featured Poverty

Kendall Worth: Struggling through the lockdown

KJIPUKTUK (Halifax) – Readers of the Nova Scotia Advocate may remember stories I did in the past about William, a man who lives a life of poverty and lives with bipolar disorder. This story here, Being poor and stressed during the coronavirus is the most recent one. 

I am writing today’s story because some of my readers got so touched by William’s story that they requested this follow-up talking about how William made out during COVID-19.

These are some of the questions they had:

  1. Were William or his sister able to make some sort of arrangement to get his meds refilled and delivered to him during COVID-19? And was he able to get groceries and other essential items during his COVID-19 self-isolation?
  2. Did William end up back in Abby Lane during Covid-19?
  3. What about his emotional wellbeing this time, was he actually able to keep in touch with the friends he made through his program, and did he use the mobile crisis line, for example?
  4. Then the most recent question I got asked was “now that things are opening back up is William’s sister making regular drives into town to check up on him and any word on when William returns to his employment readiness program?

All of the above questions were by my readers out of concern for William.

As the writer I can understand why people had those concerns. After all, during COVID-19 William had a lot of anxiety about even leaving his apartment.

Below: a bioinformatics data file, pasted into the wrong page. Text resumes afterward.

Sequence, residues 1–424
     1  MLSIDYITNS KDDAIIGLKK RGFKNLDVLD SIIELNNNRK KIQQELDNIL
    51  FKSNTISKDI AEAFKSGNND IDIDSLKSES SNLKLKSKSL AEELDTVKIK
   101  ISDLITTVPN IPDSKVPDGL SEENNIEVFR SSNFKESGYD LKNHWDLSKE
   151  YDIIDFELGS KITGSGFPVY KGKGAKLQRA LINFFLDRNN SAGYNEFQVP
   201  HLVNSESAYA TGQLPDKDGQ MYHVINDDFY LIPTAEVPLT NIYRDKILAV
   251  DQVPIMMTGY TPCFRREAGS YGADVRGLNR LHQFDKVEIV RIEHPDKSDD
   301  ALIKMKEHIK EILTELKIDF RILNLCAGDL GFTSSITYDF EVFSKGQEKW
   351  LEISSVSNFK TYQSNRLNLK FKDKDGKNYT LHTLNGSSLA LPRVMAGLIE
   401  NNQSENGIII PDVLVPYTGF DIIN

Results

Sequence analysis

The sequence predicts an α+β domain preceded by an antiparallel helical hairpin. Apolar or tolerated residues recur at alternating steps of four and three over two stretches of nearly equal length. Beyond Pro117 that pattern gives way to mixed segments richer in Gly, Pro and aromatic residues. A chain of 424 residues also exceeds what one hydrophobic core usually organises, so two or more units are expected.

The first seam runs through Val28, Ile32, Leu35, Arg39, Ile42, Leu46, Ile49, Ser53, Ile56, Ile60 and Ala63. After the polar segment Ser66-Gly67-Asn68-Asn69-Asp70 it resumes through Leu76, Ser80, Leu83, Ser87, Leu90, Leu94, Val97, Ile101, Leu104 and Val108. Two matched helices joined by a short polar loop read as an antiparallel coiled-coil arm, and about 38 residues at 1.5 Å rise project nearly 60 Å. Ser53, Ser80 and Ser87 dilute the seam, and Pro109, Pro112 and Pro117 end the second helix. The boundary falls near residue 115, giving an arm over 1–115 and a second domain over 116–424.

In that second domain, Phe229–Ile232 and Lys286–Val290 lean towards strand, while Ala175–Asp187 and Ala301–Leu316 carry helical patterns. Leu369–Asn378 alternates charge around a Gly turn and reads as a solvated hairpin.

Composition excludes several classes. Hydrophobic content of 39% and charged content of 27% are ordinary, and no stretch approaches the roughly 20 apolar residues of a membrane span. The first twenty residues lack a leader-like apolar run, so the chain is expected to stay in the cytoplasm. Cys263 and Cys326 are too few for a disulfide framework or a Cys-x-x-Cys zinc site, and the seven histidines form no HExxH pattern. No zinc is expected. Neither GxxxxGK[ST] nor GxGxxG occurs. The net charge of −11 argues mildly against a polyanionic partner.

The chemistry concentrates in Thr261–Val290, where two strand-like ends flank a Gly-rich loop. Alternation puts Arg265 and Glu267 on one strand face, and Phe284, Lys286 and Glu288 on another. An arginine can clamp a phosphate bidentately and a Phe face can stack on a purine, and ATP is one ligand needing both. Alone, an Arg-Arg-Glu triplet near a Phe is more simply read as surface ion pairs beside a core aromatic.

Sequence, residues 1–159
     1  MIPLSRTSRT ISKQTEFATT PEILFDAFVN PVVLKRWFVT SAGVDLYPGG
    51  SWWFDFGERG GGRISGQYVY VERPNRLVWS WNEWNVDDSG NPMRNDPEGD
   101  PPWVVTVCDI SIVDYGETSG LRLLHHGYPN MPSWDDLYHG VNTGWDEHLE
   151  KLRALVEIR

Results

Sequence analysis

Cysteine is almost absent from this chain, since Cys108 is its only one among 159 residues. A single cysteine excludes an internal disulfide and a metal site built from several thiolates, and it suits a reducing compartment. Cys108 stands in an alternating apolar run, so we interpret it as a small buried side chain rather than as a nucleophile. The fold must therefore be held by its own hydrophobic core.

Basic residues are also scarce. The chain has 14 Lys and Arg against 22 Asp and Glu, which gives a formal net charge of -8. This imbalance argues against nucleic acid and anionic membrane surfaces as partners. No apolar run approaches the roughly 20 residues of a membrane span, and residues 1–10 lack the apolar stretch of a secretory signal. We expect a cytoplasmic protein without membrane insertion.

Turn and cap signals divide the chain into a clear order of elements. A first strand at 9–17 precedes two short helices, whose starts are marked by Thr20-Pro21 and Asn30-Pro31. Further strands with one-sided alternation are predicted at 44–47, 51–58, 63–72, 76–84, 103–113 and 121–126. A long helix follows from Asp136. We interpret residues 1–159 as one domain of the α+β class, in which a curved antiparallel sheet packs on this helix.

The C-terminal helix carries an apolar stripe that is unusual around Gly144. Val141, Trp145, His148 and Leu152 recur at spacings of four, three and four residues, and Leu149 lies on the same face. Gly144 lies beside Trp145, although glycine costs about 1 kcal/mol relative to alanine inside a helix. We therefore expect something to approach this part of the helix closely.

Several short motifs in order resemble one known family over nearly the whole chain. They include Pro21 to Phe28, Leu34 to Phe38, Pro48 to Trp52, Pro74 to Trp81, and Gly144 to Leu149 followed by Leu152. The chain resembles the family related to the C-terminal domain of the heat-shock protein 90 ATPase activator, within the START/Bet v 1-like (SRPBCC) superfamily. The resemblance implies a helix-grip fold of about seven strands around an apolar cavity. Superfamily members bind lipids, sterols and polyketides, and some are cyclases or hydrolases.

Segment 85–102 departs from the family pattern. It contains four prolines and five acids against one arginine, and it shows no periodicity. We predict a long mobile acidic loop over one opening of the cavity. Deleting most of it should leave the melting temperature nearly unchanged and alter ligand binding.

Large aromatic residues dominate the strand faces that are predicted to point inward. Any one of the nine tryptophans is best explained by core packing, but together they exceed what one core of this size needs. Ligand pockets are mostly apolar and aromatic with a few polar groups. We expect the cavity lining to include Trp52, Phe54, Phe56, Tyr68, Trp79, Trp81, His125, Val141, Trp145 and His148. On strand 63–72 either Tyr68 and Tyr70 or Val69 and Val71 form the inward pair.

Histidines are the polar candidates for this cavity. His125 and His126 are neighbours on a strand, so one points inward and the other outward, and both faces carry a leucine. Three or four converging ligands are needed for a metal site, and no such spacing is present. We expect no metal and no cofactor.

So a couple of days ago William’s sister, William, and myself all met and sat down for coffee.

Turns out William ended up doing better than he thought he would during COVID-19 self-isolation. William never had to get admitted to the Abby Lane. William said it felt great that he was able to go through the entire time of self-isolation without getting admitted. 

As for medication refills and groceries, William’s sister was able to make an arrangement by getting in touch with a friend of hers who lives here in the city. Her friend has a car and is financially better off. 

William’s sister did tell me that she was a bit worried about her making that arrangement because she did not want to tell her friend that William was on welfare. She was worried that her friend would be a believer in the welfare stigma that I talked about in this article here, Ignorant ideas about welfare I hear a lot and then again in this article here, More ignorant ideas about welfare that people actually believe

However, she knew that William was going to need to somehow make at least one friend who owns and operates a vehicle. After all, even though there was a professional from mental health services calling around to make sure their clients were ok, that professional could not do things for William or any of their clients like getting groceries or medications because of their professional boundaries. This story I did with Alex Stratford, My chat with Alec Stratford of the NS College of Social Workers, sheds light on what I am talking about here. 

William was keeping in touch with his friends from the program, but none of them drive or live within walking distance from William. Therefore they were not able to help William either.

William is looking forward to going back to his program, but is still waiting to hear when that will happen.

The friend of William’s sister agreed to volunteer to help him out with essential needs.

It is such a great feeling that things ended up working out for William during the days of COVID-19 self-isolation. 

Kendall Worth is an award-winning anti-poverty activist who lives with disabilities and tries to make ends meet on income assistance.

With a special thanks to our generous donors who make publication of the Nova Scotia Advocate possible.

Subscribe to the Nova Scotia Advocate weekly digest and never miss an article again. It’s free!